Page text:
Murder at the Bijou by Teagan Geneviene

If anyone following this blog doesn’t know Teagan, she’s a cheerful person with magical touch at writing. She just launched a new book and is stopping by the Mirror on her tour! Congrats Teagan.

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Announcing the Launch of
Murder at the Bijou — Three Ingredients I

Introducing the second “three things” serial, in novel form Murder at the Bijou — Three Ingredients I.

Bijou front only 2

Yes, that’s the cover. (I love making covers!) I kept it similar to the one for the first serial, The Three Things Serial Story, but with different 1920s photos.

For those of you who are not familiar with my blog serials…

Ages ago I developed a writing exercise. I asked friends to give me three completely random things. Then I would write until I had mentioned all the things. I brought that exercise to my blog (Teagan’s Books), but I had the readers send me their things. I let the random things drive every detail of a serial story, setting, plot, and characters. That resulted in The Three Things Serial Story, which gave birth to this culinary mystery. However, this time the “things” are food related — or ingredients.

About the Book

As with the first serial, Murder at the Bijou — Three Ingredients I is a spontaneously written, pantser story. I wrote by the seat of my pants and let the “ingredients” readers sent each week drive a new serial story. This is the “bookized” version of that serial.

This time the Jazz Age setting is Savannah, Georgia where our flapper, Pip, is “sentenced” to live with her grandmother and learn to cook. Pip gets caught up in a layered mystery that includes bootleggers, G-men, and the varied challenges of being a young woman in changing times. She meets new friends, including some animal characters.

If you have not read The Three Things Serial Story, be warned. This adventure contains a bit of a spoiler, but does not go into detail about it.

Murder at the Bijou — Three Ingredients I is available through and Amazon and Create Space. If you don’t have a Kindle, Amazon also offers a free app that will let you read Kindle books on your computer or other device. The purchase links are below. But first, here’s a snippet.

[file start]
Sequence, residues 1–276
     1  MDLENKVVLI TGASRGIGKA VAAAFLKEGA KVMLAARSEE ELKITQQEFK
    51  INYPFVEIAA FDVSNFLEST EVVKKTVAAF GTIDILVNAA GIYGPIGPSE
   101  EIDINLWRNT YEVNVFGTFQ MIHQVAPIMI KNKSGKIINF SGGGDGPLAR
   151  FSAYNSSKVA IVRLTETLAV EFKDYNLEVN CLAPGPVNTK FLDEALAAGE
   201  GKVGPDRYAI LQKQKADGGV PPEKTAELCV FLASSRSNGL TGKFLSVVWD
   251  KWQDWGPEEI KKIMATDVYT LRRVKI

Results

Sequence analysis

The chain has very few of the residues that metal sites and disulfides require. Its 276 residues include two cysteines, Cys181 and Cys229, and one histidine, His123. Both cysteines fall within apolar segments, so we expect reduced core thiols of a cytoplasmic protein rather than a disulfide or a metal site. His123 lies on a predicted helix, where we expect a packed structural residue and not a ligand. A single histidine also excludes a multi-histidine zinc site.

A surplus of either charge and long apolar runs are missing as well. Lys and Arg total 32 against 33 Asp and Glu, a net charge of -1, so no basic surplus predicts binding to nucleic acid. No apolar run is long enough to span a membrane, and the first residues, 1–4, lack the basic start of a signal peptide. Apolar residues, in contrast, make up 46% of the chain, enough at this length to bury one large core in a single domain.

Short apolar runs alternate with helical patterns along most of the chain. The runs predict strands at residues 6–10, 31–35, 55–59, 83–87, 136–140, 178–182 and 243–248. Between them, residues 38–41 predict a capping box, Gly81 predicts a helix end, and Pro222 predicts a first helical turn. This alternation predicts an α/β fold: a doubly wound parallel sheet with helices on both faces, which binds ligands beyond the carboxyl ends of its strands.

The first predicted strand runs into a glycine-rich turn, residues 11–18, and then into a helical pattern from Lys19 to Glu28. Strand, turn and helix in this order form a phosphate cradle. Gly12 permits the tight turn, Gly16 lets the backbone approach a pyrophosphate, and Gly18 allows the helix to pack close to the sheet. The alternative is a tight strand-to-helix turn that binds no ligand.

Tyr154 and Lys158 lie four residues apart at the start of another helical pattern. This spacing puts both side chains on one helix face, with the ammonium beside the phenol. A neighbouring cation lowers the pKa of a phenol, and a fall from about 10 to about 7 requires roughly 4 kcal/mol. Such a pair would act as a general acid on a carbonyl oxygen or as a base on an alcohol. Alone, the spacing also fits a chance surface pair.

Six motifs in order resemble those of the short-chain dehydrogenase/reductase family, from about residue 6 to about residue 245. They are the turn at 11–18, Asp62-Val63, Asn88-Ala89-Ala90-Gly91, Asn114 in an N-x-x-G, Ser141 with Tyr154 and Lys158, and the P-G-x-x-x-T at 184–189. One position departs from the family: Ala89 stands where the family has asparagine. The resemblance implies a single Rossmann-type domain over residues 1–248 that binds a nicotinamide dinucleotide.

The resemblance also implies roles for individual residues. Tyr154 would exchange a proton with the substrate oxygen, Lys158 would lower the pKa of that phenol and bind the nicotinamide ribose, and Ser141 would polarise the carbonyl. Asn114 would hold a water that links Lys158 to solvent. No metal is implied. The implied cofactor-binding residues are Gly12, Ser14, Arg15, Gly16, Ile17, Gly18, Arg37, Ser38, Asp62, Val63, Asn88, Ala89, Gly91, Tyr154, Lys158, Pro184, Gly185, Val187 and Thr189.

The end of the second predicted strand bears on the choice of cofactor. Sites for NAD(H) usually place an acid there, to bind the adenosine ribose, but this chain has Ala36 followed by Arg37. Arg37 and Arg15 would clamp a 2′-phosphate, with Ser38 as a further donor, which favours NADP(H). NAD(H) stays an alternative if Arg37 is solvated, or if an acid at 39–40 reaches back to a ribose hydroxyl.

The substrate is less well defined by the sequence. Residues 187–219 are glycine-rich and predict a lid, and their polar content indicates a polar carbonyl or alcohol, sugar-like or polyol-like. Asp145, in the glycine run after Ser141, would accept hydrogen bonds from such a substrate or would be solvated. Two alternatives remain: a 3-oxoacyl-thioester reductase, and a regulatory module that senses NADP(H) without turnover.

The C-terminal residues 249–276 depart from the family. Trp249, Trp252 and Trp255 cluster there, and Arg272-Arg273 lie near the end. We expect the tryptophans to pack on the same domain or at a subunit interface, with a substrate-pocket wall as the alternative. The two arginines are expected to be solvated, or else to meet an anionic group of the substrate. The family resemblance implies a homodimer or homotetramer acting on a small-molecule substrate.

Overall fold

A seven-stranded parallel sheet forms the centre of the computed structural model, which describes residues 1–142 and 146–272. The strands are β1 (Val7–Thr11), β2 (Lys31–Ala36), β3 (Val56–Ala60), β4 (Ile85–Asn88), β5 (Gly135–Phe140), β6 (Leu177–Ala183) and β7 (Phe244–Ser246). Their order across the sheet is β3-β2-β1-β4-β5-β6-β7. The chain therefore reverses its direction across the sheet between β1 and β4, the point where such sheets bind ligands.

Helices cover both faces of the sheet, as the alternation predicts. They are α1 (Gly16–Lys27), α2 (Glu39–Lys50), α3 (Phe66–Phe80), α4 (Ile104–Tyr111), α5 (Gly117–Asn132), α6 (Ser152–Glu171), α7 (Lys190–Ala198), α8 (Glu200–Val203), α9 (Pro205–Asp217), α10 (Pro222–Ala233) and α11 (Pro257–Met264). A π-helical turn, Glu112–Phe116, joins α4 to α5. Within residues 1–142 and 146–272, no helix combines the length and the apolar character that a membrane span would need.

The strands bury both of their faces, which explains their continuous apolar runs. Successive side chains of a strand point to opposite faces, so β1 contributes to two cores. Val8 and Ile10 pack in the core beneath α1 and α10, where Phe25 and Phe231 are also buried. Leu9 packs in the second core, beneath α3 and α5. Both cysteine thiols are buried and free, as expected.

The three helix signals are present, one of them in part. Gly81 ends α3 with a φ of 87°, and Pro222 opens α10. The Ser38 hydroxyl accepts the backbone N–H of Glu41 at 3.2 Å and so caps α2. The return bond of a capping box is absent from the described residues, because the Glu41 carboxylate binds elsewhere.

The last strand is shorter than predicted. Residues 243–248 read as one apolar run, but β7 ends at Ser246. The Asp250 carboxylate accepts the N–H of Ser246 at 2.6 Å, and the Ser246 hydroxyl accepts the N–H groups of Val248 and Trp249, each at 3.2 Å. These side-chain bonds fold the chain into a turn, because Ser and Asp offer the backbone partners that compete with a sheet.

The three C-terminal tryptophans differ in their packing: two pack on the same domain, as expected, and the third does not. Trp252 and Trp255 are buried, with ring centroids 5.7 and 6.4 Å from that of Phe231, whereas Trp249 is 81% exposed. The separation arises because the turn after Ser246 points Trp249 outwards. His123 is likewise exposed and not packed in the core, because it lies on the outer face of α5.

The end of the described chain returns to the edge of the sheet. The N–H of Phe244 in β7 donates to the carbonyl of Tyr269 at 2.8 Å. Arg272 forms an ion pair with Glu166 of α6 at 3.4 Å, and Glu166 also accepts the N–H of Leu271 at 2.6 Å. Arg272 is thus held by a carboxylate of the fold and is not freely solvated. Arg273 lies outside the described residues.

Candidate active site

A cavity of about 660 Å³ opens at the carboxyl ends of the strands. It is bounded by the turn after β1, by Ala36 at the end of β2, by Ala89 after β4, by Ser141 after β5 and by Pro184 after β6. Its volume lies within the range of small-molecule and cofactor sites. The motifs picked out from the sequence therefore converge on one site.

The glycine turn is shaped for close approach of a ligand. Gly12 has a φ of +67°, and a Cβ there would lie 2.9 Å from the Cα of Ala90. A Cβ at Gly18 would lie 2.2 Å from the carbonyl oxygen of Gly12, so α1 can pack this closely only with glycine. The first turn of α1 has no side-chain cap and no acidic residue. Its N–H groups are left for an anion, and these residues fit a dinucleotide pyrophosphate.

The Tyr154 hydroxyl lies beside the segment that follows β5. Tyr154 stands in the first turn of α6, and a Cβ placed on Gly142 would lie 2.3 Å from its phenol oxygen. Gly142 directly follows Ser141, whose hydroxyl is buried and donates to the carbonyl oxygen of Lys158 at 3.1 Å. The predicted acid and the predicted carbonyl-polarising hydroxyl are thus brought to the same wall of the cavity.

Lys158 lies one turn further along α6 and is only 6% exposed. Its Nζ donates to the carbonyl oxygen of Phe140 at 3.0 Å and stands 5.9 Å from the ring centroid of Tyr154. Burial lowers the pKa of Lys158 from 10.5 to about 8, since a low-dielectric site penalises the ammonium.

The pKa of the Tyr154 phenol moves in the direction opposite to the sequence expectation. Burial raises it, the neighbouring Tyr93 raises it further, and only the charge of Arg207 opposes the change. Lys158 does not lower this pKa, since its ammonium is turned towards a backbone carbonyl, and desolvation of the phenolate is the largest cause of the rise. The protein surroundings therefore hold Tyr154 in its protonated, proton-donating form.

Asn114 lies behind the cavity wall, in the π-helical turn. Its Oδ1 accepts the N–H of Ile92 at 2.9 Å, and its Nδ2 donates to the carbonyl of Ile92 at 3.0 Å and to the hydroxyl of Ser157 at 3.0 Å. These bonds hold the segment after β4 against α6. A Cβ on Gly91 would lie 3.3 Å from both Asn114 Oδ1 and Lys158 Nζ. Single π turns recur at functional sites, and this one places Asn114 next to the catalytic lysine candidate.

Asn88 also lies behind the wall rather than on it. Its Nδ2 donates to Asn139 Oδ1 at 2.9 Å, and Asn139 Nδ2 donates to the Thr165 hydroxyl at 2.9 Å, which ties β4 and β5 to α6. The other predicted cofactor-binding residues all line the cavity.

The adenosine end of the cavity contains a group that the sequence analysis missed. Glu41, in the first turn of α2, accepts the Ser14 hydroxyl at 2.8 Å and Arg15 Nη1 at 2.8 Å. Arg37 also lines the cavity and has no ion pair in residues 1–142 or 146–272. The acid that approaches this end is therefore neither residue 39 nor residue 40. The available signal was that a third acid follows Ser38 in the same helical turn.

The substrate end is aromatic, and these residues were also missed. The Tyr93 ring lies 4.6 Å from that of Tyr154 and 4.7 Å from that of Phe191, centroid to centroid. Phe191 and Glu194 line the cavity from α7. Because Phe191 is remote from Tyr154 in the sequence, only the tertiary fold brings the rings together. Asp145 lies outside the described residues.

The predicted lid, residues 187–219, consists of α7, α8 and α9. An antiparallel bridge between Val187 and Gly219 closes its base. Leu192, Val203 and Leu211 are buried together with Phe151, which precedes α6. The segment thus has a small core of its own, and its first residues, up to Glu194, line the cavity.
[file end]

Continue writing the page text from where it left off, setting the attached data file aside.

Blue Lucille Ball Stage Door Trailer

In my imagination, a young Lucille Ball would play Pip.

Excerpt

Rutabaga Limbo

Either I woke up feeling horribly nauseated, or the queasiness woke me. I’m not sure which. I opened my eyes to complete darkness. There was no light, no sound. The way my stomach tossed reminded me of a small boat on the ocean. It was as if I sailed in a lightless limbo.

Oh… that was a bad train of thought to have with an unsettled belly.

Think of something else! Anything else, I told myself.

I stood unsteadily. The sound of a cricket came to me. Good. The utter silence had been very disturbing. I became aware of the cool moist earth beneath my palms.

Where the Sam Hill was I?

I sat back on my heels, focusing all my senses. My eyes might as well have been closed — it was that dark. Bare ground was beneath me. The air had a musty odor. A sickly sweet scent clung to my bobbed hair.

The cricket’s chirping was the only sound. Still sitting, I turned. My eyes widened and strained, trying to see in that heavy darkness. When I looked up I was rewarded with the sight of a thin line of pink light.

The faint glow allowed me to see vague outlines a few feet away. I stumbled over something and stooped down to let my hands figure out what it was. I felt a burlap bag and round lumps. Rutabagas? I felt around and found another bag. That one felt like potatoes. I moved closer to the wall and a tall shape. Yes, a ladder, my questing hands confirmed for my still foggy brain.

Gazing up at the line of pinkish light I realized I was in a root cellar.

But how did I get there?

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Purchase Links

Amazon USA:
Paperback  
Kindle  

Amazon UK:
Paperback  
Kindle

Amazon Canada:
Kindle

Amazon Australia:
Kindle

Amazon Japan: 
Kindle

 

Author Bio

Visual for Teagan_2017 Chris

Image by Chris Graham

Teagan Ríordáin Geneviene, a southerner by birth, was “enchanted” by the desert southwest of the USA when she moved there. Now a resident of a major east coast city, she longs to return to those enchanting lands.